Extrinsic neural innervation mediates absorption of water and electrolytes in canine proximal colon in vivo.J Surg Res. 2001 May 01; 97(1):76-80.JS
Extrinsic innervation mediates a proabsorptive effect in small intestine. Our aim was to determine whether extrinsic neural input modulates similar effects in the proximal colon in vivo.
Ten adult dogs underwent enteric isolation of a 50-cm proximal colon loop; five each were randomized to undergo extrinsic denervation (Ext Den) of the isolated colonic segment or to serve as neurally innervated controls. After recovery, a 38 degrees C electrolyte solution (Na(+) 125 meq/L, K(+) 9 meq/L, Cl(-) 75 meq/L, HC03(-) 65 meq/L) was infused at 4 ml/min into the segment. Effluent was collected in 30-min intervals for 2 h after achieving steady state (determined by 14C nonabsorbable marker recovery); four studies were conducted at 1 and 12 weeks postoperatively. Net flux of H20, Na(+), K(+), and Cl(-) was determined. Colon morphometry was evaluated at 0 and 14 weeks. Data are presented as mean +/- SEM. Unpaired t test was applied for comparisons.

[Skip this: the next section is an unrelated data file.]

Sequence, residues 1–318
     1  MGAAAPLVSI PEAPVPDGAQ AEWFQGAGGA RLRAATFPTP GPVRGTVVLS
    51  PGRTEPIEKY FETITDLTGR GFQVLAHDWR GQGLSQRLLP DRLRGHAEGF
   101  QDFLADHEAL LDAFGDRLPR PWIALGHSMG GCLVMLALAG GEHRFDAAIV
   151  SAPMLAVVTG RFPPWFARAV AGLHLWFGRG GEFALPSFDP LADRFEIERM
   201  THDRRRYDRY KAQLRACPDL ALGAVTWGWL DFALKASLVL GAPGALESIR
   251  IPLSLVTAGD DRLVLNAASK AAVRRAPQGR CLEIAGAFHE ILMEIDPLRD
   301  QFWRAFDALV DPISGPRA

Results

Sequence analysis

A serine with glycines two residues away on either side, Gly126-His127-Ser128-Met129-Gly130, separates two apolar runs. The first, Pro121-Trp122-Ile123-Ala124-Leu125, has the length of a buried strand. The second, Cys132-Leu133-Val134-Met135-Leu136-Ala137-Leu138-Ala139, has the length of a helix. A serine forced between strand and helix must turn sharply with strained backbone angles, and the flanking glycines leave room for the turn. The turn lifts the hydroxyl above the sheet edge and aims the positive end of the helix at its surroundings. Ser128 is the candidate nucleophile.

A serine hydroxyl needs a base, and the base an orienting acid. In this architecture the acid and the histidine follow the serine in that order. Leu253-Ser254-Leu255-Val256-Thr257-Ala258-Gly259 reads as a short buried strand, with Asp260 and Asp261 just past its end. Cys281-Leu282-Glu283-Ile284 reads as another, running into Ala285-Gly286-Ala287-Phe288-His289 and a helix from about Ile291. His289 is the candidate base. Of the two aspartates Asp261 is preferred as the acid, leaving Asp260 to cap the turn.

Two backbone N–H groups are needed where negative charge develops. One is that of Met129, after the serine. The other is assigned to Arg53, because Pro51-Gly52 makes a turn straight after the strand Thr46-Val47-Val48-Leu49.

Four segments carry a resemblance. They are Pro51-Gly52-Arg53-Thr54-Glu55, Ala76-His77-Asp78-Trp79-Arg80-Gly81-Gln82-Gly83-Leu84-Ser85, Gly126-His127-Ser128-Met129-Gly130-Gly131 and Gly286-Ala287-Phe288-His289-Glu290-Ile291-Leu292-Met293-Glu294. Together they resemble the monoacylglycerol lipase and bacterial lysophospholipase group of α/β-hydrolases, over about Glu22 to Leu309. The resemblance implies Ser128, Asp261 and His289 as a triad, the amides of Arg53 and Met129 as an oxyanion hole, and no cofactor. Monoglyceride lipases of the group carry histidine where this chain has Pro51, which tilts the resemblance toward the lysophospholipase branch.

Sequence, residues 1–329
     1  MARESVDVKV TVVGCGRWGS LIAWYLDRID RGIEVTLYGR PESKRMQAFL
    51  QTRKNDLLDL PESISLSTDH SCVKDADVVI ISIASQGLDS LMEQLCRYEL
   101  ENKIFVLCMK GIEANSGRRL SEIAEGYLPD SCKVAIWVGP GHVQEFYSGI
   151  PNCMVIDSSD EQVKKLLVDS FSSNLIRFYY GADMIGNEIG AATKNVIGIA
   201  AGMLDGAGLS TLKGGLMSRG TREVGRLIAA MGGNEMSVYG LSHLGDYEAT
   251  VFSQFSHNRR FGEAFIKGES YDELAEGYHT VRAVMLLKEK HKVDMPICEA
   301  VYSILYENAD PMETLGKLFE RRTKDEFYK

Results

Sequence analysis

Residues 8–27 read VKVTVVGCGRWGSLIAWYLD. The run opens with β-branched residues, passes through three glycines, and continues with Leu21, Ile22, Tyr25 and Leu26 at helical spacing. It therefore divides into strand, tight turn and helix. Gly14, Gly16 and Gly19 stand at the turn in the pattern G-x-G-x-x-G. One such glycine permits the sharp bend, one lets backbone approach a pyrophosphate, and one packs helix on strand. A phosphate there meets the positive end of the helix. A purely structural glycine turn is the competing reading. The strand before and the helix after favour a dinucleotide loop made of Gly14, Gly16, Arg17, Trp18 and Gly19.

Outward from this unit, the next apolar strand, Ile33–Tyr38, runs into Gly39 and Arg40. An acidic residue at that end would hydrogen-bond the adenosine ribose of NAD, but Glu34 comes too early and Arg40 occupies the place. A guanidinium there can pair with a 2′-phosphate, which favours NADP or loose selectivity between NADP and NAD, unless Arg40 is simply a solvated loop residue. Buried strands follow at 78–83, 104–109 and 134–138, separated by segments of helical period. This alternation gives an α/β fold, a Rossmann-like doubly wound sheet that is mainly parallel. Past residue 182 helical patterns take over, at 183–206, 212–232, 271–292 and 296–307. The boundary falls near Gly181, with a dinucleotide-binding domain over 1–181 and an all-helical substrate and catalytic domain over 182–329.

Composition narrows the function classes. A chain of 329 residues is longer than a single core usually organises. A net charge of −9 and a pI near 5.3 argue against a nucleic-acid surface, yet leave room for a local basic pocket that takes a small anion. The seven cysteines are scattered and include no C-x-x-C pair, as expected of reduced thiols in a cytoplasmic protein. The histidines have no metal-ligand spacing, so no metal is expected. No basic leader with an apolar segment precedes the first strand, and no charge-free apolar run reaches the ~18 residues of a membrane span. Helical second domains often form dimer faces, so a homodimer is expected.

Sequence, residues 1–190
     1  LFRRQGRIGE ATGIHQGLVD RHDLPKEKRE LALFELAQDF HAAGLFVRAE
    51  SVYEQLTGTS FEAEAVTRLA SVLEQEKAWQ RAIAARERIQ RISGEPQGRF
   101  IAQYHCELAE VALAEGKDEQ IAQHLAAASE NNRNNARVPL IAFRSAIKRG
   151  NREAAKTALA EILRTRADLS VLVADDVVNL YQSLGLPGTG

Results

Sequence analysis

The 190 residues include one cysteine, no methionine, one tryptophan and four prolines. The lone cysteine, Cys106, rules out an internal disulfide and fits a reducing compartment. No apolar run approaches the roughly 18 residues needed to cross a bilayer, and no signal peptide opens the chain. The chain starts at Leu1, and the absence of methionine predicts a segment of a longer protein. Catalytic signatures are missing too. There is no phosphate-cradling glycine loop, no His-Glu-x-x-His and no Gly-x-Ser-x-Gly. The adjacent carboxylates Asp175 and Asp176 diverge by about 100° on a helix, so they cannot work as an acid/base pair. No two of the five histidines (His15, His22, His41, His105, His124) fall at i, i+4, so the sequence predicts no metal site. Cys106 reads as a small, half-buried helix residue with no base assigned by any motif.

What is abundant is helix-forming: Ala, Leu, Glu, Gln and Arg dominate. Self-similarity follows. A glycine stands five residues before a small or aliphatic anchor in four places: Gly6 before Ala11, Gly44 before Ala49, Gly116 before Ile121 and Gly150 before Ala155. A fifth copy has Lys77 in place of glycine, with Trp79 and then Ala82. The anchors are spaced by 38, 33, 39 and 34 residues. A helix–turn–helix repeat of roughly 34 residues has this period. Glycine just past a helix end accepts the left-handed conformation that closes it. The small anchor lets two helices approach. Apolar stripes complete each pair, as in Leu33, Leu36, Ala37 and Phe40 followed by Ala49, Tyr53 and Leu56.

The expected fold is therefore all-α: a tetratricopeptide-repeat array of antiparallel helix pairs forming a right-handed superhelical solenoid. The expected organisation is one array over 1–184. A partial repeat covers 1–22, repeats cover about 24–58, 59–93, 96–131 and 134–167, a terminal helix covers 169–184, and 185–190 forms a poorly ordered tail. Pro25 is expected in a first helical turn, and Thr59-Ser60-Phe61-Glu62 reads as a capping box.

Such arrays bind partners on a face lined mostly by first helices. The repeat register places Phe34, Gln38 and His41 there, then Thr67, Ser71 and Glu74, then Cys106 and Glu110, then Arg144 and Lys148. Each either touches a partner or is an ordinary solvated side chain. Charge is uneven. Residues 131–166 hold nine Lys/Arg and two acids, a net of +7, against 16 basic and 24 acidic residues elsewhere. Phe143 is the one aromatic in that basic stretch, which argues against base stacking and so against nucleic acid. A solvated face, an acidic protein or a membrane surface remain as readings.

Net absorptive flux of H20 (microL/min/cm) was decreased in Ext Den vs controls at 1 week (4.40 +/- 0.63 vs 7.92 +/- 0.92, P = 0.03) but was not different at 12 weeks (4.70 +/- 1.20 vs 5.97 +/- 0.69; P > 0.05). Na(+) and Cl(-) followed the trends in H20 absorption (P < or = 0.05). Crypt depth (microm) decreased in controls at 14 weeks vs 0 week (915 +/- 20 vs 740 +/- 07, P = 0.01) but remained unchanged in Ext Den.
Loss of extrinsic neural input decreases colonic absorption. This observation suggests that extrinsic neural innervation provides net proabsorptive mechanisms for absorption of water and electrolytes in the proximal canine colon.